The Dirt-Cheap Value Portfolio's (DCVP) make up is changing, and not by choice, but by necessity. The list is getting systematically picked off, one by one, by companies recognizing opportunity in their undervalued states. Winn-Dixie (WINN) was the first casualty, and now Pep Boys (PBY) has become the second, with news that the private equity firm Gores Group has offered a 25% premium to take the company private (no surprise here, as my last article predicted a buyout in the $14-15 range). The third company to be replaced should be Yahoo (YHOO), which could be accomplished by the end of March at a 25 to 30% premium, followed by both Luby's (LUB) and Krispy Kreme Doughnuts (KKD) at 20% premiums.
The latest and the greatest:
Krispy Kreme: The donut maker is on a roll. It was upgraded by Stephens and given a $8.50 target price, while it single largest shareholder, Robert Stiller of Green Mountain Coffee Roasters (GMCR) fame, added more shares to his position and now owns 11.83%. Could he be posturing to acquire the whole enchilada?
Safeway (SWY): Jefferies Group recently upgraded its opinion on the supermarket operator, from a hold rating to a buy rating and a $25 price target. The shares are way oversold and due for a quick bounce back to $23 vicinity.
Pep Boys: The auto parts company has a 45 day "go-shop" period to determine if they can obtain a better price than the Gore offer, but this is more of a formality than anything else, and investors hoping for a higher bid to evolve should move on.
Yahoo: Now that co-founder Jerry Yang has resigned, could chairman Roy Bostock be next? It is just a matter of time before YHOO is acquired and shareholders are treated to a big, fat payday. It can't be soon enough, in my opinion.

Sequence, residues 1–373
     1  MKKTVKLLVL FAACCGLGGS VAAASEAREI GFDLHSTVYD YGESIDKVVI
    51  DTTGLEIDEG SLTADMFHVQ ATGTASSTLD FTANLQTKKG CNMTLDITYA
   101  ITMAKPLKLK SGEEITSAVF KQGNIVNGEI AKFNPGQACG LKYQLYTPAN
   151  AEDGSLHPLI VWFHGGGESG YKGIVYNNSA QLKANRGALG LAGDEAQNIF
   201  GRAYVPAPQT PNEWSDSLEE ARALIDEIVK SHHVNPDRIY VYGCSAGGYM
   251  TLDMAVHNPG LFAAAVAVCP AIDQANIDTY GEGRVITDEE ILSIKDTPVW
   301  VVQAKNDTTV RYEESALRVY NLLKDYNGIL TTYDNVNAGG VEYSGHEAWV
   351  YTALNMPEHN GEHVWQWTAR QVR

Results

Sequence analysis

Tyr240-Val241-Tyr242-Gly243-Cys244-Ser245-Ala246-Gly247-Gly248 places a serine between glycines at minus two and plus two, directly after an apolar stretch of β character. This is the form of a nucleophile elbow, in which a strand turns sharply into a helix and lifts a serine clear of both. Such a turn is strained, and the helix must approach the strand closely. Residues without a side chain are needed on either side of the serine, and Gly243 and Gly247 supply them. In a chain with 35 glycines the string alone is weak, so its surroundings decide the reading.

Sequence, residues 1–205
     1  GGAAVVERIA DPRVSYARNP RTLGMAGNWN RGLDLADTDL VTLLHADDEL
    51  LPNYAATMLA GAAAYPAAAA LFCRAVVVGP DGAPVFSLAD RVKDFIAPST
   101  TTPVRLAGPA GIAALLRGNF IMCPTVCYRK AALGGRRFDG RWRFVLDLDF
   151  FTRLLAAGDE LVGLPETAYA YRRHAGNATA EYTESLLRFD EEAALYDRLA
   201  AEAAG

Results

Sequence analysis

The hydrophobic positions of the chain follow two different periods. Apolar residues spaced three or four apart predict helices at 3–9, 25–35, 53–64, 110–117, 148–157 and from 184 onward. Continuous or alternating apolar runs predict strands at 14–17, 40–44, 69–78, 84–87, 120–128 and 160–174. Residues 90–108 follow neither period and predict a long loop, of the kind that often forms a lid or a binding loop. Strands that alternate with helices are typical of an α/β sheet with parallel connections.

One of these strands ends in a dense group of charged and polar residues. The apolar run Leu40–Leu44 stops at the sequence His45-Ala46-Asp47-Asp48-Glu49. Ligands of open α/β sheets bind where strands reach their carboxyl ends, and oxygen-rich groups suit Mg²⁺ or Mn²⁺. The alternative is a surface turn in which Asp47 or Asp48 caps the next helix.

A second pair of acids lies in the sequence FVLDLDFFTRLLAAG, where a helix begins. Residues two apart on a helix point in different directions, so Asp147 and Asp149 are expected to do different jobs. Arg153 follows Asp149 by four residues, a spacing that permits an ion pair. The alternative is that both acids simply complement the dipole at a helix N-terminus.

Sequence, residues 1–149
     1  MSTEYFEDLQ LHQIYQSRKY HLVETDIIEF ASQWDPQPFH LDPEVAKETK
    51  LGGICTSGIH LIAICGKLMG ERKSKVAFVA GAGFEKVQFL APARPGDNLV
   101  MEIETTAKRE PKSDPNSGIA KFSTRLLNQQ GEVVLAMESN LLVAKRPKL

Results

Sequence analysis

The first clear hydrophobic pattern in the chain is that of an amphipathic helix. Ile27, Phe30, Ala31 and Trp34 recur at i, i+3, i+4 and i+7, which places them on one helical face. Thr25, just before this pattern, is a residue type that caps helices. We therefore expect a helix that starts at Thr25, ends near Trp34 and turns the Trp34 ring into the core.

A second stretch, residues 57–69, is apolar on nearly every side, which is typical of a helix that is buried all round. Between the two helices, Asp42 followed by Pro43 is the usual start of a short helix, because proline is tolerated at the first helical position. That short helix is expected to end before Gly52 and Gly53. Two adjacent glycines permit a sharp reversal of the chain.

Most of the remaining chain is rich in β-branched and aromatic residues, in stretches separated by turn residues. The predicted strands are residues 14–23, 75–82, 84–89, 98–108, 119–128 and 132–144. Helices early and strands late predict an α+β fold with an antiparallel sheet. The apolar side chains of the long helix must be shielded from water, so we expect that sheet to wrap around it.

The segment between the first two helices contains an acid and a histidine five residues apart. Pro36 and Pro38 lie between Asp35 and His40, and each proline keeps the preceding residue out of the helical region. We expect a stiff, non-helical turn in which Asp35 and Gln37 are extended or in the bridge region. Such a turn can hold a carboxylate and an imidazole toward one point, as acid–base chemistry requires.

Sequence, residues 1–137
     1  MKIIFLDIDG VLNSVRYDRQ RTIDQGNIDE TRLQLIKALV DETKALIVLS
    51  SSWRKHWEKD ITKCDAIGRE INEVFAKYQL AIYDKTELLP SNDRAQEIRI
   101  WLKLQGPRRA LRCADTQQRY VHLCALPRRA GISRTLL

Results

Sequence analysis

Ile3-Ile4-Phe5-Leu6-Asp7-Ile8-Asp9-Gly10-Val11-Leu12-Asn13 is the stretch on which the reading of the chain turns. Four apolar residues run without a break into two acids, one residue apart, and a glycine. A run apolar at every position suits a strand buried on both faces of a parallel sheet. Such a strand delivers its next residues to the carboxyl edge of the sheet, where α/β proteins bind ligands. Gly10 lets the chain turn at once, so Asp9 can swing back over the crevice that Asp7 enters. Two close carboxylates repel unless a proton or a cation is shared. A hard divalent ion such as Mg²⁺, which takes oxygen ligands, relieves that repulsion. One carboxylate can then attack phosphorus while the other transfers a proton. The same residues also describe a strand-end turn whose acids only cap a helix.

Steelcase (SCS): The office furniture manufacturer's stock price has been on an absolute tear lately, rallying over 25% in just the last two weeks. Unfortunately, it is getting way overbought at these hyped levels and needs to correct back down to the low $7s before potential investors dip their toes in the water.
SuperValu (SVU): The shares have been a major disappointment, and probably need to test the $6.25 area before buyers will be willing to jump in again. The problem is, no potential buyers want to expose themselves to a possible 10% hit, such as the charts are suggesting.
Luby's: The restaurant chain just struck up a deal with MD Cress and Associates to help them expand its footprint in the culinary contract healthcare business. LUB now with 20 culinary locations, is hoping to expand to 25 by year's end.
Bridgford Foods (BRID): The snack food company announced it fourth quarter and full year results on form 10K (the company does not issue press release for earnings reports, to save costs) and revealed it lost $450,000 on sales of $118 million due to higher commodity prices in fiscal year 2011. The good news is, it was still cash flow positive thanks to a $1.8 million entry for depreciation expense.
During the year, the company returned almost $2 million to its shareholders by purchasing back 57,000 shares in the open market and paying a 10 cent cash dividend. Management now owns approximately 80% of the company's 9.277 million shares outstanding.
Dean Foods (DF): A report that the cost of butter fat has reached a 21 month low could bode well for the milk producer's fourth quarter earnings. Analysts expect it to earn 24 cents on sales of $3.33 billion when it reports in mid march - very conservative estimates, to say the least.
JetBlue Airways (JBLU): the stock seems intent on maintaining its soar mode, as it has risen a staggering 75% in just the past two months alone. It is getting just too hot to handle, and is way past due for a breather. A recent downgrade by Dahlman Rose could be the catalyst for a heavy dose of profit taking.